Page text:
Part Two: A Look Back Over Aschenbach’s Life
1. Did Aschenbach go to school as a child?
2. Did Aschenbach always support established authorities?
3. Who were Aschenbach’s parents?
4. What was the subject of Aschenbach’s prose epic?
5. What is the significance of the French saying “Tout com¬prendre c’est tout pardonner”?
6. What sort of ethic did Aschenbach celebrate in his writing?
7. What sort of a family did Aschenbach have?
8. How did the writing of Aschenbach change as he grew older?
9. How does Aschenbach feel about his achievements?
10. What general impression does Aschenbach make with his physical appearance?
1. No, because of ill health, he was given solitary lessons at home.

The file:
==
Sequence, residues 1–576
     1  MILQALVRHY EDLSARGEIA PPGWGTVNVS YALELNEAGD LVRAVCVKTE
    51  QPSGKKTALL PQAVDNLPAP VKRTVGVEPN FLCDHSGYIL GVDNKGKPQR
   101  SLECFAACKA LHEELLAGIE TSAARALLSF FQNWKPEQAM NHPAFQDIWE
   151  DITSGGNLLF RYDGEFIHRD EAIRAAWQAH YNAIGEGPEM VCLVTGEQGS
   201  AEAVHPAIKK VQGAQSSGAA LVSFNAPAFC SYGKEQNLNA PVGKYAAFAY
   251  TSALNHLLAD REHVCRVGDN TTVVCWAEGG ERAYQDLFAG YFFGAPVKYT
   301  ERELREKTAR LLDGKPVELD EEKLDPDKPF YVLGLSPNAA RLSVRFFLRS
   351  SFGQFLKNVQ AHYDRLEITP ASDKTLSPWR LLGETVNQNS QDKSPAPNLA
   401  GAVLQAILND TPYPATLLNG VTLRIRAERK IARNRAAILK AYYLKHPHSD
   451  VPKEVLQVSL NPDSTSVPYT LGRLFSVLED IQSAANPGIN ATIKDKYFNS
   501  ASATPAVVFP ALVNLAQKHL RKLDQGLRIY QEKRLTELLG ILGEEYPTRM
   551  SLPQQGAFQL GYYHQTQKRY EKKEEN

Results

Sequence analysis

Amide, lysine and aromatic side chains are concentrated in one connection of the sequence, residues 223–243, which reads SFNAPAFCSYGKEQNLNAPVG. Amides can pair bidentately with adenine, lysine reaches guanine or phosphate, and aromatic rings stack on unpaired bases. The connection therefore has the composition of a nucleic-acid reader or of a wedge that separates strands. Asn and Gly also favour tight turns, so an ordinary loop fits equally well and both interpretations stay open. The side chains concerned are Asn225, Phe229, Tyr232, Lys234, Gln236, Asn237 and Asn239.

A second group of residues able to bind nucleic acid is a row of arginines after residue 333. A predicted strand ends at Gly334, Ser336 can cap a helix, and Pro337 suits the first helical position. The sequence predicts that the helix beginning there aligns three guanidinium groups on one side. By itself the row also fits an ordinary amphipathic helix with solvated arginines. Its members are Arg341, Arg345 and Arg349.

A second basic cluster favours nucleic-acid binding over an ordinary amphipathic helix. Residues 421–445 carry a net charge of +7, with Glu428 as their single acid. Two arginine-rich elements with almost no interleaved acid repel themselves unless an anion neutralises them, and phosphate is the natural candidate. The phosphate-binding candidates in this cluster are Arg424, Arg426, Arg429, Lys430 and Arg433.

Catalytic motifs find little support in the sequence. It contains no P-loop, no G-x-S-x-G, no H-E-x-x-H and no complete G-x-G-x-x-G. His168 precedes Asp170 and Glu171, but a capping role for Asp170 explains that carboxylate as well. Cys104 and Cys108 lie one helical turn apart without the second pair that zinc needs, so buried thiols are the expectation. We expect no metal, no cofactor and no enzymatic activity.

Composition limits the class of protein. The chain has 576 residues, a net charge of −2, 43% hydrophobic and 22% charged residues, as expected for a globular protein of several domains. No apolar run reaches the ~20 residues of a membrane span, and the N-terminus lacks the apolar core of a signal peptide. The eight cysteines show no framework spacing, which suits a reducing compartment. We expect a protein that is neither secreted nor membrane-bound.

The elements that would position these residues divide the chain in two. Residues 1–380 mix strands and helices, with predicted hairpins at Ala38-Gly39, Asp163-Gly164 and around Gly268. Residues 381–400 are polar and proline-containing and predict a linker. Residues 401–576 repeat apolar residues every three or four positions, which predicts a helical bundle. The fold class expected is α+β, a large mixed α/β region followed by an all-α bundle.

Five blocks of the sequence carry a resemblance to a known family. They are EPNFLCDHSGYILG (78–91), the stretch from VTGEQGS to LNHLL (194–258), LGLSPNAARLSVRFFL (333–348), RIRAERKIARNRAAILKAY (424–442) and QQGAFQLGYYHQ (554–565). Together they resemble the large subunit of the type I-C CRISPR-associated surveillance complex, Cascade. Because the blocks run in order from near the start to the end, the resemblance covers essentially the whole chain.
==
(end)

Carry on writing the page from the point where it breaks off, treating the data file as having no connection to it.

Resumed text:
2. No, Aschenbach went through a brief period of youthful iconoclasm.
3. Aschenbach’s father was an official in the service of the king, and his mother was the daughter of a Bohemian conductor.
4. Aschenbach wrote a prose epic on the life of Frederick the Great of Prussia.
5. It means, “To understand is to excuse.” Aschenbach despised the “flabby humanitarianism” of the phrase.
6. He celebrated the triumph or will over adversity.
7. He had been briefly married, but his wife died shortly after. His daughter was married, and Aschenbach lived alone.
8. It grew increasingly severe and intolerant.
9. His achievements give Aschenbach little pleasure.
10. Aschenbach is rather slightly built, and his features reflect the intense strain of years of intense mental activity.